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Parkes observations for project P986 semester 2018OCTS_06
Pulsar survey is one of the top priorities of the Square Kilometer Arrays (SKA). The discovery of pulsars in relativistic binaries, pulsars in binary with black holes and pulsars in the Galactic Center (GC) will improve our understanding of gravity theories, physics of black holes and stellar population and environment in the GC region. However, co... morenventional periodic searches for pulsars are only sensitive to strictly periodic signals with low duty cycles. Although various methods have been developed to search for pulsars in these extreme systems, it is still very challenging and computationally expensive.
One of the solutions is to find pulsar candidates in radio continuum surveys and then carry out targeted searches (e.g. Frail et al 2017). This technique allows a search over the full field of view while avoiding the need for expensive pixel-by-pixel high time resolution searches. We propose to observe 32 compact, steep spectrum candidates selected from NVSS and TGSS surveys using the Ultra-Wideband Low (UWL) receiver. The frequency coverage (as low as 700MHz) and low system temperature (~20K) of UWL will enable us to carry out a sensitive search of steep spectrum sources. less
Astronomical and Space Sciences not elsewhere classified
01 Oct 2018
01 Apr 2019
Creative Commons Attribution 4.0 International Licence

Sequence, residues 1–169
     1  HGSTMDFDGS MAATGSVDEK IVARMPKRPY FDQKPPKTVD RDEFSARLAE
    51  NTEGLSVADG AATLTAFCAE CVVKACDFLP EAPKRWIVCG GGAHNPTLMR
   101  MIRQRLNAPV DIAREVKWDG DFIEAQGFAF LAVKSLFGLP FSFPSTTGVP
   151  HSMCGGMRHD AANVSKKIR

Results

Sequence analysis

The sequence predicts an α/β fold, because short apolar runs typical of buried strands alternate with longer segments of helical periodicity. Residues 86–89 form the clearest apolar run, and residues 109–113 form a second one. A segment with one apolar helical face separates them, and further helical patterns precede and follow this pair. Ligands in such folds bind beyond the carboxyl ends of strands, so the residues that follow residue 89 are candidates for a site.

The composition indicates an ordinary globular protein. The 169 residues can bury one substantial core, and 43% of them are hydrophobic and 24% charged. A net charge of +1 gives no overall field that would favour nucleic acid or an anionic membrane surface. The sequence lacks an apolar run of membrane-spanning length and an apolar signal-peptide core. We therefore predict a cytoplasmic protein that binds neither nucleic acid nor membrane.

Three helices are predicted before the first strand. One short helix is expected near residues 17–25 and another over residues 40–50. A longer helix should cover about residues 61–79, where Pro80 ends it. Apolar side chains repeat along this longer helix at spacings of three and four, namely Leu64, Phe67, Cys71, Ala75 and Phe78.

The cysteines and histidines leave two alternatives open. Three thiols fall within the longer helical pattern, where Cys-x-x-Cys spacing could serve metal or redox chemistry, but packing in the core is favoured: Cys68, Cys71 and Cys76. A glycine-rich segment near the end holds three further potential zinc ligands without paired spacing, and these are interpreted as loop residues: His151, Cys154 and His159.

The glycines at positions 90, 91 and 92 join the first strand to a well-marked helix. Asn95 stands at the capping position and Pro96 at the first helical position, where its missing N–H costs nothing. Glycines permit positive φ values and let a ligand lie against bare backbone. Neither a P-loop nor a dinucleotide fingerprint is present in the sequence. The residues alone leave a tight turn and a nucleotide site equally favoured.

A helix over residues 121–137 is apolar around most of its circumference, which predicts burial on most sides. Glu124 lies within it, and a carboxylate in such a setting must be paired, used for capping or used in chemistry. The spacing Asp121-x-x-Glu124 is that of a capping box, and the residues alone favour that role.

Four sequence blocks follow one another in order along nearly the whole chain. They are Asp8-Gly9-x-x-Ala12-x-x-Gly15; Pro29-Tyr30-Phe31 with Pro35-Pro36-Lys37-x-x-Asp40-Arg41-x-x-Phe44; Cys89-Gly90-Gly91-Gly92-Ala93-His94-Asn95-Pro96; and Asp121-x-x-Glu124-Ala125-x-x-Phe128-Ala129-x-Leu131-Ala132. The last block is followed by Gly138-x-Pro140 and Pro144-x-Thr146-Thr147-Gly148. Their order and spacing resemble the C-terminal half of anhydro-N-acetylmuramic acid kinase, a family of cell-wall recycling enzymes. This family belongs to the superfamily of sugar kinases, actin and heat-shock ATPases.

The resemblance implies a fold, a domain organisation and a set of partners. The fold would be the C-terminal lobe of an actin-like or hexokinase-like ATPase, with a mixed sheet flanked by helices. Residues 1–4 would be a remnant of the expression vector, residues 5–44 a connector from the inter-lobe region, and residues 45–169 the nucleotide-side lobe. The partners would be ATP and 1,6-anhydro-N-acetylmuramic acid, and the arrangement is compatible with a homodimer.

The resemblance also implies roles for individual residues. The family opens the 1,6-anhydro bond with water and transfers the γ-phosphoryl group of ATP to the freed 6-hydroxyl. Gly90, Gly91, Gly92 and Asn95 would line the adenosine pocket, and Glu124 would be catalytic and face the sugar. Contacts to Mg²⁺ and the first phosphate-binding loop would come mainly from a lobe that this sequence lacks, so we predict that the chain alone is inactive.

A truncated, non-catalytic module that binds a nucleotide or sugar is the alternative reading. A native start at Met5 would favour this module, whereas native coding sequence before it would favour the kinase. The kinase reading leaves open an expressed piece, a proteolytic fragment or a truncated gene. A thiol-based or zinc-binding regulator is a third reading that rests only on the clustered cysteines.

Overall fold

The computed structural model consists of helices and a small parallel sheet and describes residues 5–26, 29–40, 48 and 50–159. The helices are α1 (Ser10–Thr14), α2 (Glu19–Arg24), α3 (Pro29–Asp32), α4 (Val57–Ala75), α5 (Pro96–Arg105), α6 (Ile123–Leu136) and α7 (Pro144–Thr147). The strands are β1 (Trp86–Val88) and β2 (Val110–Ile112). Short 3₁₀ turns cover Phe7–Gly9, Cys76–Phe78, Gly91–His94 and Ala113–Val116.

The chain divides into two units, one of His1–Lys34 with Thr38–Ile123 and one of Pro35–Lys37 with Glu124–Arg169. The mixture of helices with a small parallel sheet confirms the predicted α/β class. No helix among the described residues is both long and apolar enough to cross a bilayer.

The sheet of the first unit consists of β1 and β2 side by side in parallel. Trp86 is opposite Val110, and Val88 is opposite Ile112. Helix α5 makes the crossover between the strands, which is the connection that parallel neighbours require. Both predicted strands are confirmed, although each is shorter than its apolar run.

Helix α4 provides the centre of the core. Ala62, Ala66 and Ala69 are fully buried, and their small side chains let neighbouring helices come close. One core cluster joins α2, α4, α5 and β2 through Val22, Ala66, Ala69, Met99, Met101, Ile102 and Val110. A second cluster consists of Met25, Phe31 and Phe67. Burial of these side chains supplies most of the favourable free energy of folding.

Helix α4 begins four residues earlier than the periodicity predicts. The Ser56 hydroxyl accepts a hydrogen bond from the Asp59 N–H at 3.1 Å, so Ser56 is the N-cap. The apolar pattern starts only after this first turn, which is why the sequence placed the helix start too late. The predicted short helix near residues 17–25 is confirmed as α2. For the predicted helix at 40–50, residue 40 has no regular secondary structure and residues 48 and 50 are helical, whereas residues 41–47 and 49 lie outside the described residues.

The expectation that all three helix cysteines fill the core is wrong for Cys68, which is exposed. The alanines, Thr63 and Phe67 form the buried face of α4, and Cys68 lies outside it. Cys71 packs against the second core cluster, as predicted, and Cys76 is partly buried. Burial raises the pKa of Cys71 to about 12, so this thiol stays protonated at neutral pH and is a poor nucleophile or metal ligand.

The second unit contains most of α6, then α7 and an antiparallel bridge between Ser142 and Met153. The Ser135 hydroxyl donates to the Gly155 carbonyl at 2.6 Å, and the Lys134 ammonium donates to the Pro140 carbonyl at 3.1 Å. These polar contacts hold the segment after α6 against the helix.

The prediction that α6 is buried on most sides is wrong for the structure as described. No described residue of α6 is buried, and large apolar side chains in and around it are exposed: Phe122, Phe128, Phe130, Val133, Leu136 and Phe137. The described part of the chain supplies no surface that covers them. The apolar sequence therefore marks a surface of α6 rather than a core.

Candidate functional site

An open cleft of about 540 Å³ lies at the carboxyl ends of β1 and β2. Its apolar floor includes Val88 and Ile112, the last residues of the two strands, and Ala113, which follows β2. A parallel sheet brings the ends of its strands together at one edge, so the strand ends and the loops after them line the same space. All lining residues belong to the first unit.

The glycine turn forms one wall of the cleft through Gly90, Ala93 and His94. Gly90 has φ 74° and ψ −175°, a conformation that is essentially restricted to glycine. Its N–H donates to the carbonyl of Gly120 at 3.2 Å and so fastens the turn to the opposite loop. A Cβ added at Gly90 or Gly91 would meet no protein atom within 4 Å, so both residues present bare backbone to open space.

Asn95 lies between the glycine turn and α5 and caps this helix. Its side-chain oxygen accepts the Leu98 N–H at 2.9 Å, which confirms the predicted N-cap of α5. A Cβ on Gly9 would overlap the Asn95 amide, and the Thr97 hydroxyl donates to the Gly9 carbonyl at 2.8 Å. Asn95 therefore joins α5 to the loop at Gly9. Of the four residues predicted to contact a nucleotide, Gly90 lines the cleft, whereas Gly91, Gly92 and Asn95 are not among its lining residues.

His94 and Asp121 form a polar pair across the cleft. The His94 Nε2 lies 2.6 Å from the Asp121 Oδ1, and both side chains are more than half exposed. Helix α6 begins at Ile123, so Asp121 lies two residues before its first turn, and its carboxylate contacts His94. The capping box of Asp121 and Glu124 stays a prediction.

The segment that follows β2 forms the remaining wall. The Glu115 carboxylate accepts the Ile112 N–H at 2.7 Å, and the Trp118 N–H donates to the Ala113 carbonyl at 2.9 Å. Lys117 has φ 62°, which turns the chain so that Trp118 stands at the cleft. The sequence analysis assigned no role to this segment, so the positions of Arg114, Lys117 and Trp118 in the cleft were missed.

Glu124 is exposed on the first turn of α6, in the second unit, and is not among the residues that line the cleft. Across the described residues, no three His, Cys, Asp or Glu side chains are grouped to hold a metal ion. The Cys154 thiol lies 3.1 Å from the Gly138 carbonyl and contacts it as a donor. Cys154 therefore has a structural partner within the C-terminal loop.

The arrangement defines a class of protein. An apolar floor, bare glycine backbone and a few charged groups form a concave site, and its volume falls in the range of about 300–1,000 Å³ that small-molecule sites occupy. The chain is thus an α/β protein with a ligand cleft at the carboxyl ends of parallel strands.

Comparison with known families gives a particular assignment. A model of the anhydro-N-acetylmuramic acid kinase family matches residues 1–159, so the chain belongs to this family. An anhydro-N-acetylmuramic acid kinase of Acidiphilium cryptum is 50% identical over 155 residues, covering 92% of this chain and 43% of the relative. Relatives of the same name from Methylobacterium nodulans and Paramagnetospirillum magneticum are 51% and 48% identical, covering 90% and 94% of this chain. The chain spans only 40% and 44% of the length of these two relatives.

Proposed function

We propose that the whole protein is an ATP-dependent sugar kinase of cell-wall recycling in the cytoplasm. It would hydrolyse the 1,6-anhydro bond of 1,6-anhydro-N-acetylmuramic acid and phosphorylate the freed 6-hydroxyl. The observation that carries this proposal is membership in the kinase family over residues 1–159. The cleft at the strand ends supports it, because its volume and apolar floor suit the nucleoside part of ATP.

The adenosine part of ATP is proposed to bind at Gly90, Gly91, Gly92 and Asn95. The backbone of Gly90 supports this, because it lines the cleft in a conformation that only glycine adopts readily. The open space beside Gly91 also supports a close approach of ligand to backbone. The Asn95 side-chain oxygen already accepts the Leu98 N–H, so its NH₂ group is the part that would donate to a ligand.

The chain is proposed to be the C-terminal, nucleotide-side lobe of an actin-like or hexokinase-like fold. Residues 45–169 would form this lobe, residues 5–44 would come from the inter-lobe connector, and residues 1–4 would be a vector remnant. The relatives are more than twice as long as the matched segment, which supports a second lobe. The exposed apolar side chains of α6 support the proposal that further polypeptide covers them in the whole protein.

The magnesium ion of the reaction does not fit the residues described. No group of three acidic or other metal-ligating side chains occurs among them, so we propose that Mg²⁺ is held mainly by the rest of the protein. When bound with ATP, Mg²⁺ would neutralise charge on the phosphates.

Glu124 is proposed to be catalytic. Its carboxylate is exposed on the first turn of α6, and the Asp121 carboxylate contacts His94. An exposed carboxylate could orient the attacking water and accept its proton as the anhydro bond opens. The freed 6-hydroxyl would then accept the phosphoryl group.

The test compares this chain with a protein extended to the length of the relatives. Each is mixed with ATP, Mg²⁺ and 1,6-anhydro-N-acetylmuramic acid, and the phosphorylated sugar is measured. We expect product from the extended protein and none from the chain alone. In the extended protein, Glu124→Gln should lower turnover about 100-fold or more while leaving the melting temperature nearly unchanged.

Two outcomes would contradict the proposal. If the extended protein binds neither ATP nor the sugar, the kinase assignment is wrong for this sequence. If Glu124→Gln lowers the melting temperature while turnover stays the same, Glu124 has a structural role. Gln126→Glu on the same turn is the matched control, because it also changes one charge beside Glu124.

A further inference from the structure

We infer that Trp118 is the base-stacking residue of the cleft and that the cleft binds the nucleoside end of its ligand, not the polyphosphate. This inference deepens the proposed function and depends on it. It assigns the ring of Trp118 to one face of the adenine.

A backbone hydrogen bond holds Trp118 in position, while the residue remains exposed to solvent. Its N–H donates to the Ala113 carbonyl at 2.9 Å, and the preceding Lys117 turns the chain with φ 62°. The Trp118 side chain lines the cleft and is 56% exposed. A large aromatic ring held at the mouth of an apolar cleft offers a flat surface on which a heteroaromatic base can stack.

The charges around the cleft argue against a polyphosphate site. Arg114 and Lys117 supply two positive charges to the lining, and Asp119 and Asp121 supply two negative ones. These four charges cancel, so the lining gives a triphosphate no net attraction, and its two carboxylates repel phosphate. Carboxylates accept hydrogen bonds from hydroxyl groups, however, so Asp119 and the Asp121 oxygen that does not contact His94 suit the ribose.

Kumamoto, Hiroki; Hobbs, George; Dai, Shi; Takahashi, Keitaro (2018): Parkes observations for project P986 semester 2018OCTS_06. v1. CSIRO. Data Collection.
All Rights (including copyright) CSIRO 2018.
Access to this collection's metadata and/or files (if any) are restricted until 01 Oct 2020.
Australia Telescope National Facility
P986 - Targeted search of steep spectrum sources with the Ultra-Wideband receiver
Pulsars are neutron stars with strong magnetic fields. Radio emissions coming out from their magnetosphere form a beam and produce a pulse every time pointing towards us. Pulsars are extremely compact and dense, with diameters of about 10km and mass of about one solar mass. Studies of pulsars enable us to understand physics of dense matter and natu... morere of gravitational fields. However, pulsars are not easy to find, and the fact that some of them are in binary systems makes it even harder to find the periodic signals.
We propose to search for pulsars in radio images, where pulsars look like point sources. Two large radio surveys at different observing frequencies have been used to select pulsar candidates. Sources that are compact (point-like) and have flux densities larger at lower frequencies have been chosen, and we found that we can successfully identify known pulsars. Besides known pulsars, 32 sources with unknown nature have been selected and they are very likely to be pulsars. Therefore, we propose to use the Parkes telescope to observe these 32 candidates and search for their periodic signals. less
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